I have known about the Winchester Mystery House since I was little. I remember watching tv shows about it with my mom and desperately wanting to visit, even before I lived in California. I was always intrigued by the mystery that surrounded the home.
The year was 1881. Sarah Winchester was the heiress to 50 percent of the Winchester rifle fortune. After the deaths of her baby, father-in-law, and husband, she became convinced that she was cursed. She visited a medium who told her that the spirits were angry because they had been killed by Winchester rifles. The only way to appease them was to move west and build a house for herself and the spirits.
The house was originally an 8 room farmhouse. Work started in 1886. It continued for the next 38 years, 24 hours a day, seven days a week, 365 days a year. To say the house is maze-like does not describe what it is like to walk through it, up and down stairs, in a pattern that makes little sense. Many people have theorized that Sarah designed the house this way in order to confuse the spirits. The staff needed maps to navigate it.
The front part of the house was originally 7 stories high. Most of it collapsed during the famous San Francisco earthquake in 1906. Sarah believed that this meant the spirits were upset because she was spending too much time on the front part of the house. She boarded it up and continued working on the rest of the house.
Photography was not allowed inside of the house, but I was able to capture its magnificence from the outside. There are many odd features, such as stairways that lead to ceilings, windows that opened into walls, and a recurring theme of the number 13.
One of the most famous features is the door that leads to nowhere. You can see it from a distance in the picture above, and up close in the picture below. I would not want to have been to person that originally discovered this exit.
We took a tour of the basement and saw the heating system for the entire house, which was a boiler room that was warmed with coal.
There were numerous fountains and statues around the house. This serpent fountain is directly in front the of main door.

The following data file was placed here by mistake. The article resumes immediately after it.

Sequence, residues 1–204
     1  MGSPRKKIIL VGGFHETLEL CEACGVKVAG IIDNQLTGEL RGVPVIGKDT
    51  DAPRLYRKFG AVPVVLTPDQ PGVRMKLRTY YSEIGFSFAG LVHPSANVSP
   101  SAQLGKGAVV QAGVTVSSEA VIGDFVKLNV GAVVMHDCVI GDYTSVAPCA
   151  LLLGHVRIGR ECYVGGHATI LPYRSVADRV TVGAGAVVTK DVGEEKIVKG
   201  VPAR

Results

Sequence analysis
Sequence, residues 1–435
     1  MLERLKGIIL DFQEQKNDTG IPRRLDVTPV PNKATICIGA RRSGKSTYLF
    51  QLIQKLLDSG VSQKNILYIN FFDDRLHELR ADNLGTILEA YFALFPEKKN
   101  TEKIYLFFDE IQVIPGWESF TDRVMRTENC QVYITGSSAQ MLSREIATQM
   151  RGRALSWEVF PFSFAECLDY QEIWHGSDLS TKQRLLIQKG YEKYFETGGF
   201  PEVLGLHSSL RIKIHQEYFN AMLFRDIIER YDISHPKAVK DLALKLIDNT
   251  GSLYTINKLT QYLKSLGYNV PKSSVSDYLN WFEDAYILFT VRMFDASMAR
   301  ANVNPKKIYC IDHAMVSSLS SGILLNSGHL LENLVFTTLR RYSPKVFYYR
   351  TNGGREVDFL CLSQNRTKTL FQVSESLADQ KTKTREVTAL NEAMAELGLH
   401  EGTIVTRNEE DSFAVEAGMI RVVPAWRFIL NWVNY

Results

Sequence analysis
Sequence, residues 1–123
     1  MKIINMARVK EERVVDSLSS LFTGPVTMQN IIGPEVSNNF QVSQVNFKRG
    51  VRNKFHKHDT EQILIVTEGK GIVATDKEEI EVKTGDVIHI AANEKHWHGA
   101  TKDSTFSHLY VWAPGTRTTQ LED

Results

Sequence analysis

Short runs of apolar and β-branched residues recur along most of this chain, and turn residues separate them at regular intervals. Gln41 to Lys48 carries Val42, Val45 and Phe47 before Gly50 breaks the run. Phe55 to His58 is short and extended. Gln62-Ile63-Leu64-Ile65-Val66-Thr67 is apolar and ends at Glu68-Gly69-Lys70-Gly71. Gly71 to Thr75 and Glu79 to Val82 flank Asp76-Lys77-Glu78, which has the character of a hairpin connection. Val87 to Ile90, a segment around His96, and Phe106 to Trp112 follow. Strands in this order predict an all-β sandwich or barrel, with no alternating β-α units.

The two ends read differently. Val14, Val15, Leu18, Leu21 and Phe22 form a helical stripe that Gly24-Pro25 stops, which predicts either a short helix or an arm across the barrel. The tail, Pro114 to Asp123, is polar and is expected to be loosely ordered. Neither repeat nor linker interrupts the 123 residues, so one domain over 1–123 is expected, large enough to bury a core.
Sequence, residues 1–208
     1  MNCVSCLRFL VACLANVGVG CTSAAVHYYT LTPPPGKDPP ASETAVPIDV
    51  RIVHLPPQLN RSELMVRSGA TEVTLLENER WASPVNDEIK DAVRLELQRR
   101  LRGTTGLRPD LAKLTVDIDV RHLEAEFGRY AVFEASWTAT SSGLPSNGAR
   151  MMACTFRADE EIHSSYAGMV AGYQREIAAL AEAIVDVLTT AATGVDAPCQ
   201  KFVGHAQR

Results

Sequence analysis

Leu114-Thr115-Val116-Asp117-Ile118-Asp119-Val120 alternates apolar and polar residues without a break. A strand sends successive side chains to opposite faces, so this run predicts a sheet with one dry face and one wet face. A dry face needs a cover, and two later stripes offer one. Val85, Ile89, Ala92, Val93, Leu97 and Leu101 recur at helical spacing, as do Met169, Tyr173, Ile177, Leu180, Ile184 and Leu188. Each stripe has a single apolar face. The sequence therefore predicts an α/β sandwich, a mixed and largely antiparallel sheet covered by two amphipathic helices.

Here is a more detailed shot of the front door, decorated for Halloween. There seemed to be crushed glass on the stairs, but I am not sure of the significance. Does anyone know?
Sarah wanted to placate the spirits of the Native Americans who were killed by Winchester rifles. To do this she erected this statue of Chief Little Fawn stalking a deer. You can see that they are across the lawn from each other in the first picture below. The other two pictures are closeups of each individual statue.
The house is about 24,000 square feet. There are 10,000 windows, 2,000 doors, 52 skylights, 47 fireplaces, 40 bedrooms, six kitchens, 13 bathrooms, 3 elevators, and one shower. You can easily get lost inside.
Construction stopped on September 5, 1922, the day of Sarah's death.
After World War I, there was a decreased need for military arms in the US, so Winchester shifted its production towards tools and sporting goods. The gift shop is also a museum that houses some of these antiques.
Since we happened to be visiting during the month of October, the grounds were decorated for Halloween.
There was also a maze set up in the gardens that served as a haunted house at night, which we didn't get to check out.
However, they did have a scavenger hunt through the maze for visitors during the day. My cousin Vicki and I took a moment to pose.
Have you ever visited the Winchester Mystery House? Are you interested in visiting now? Any interesting haunted places in your home city? I would love to hear about them.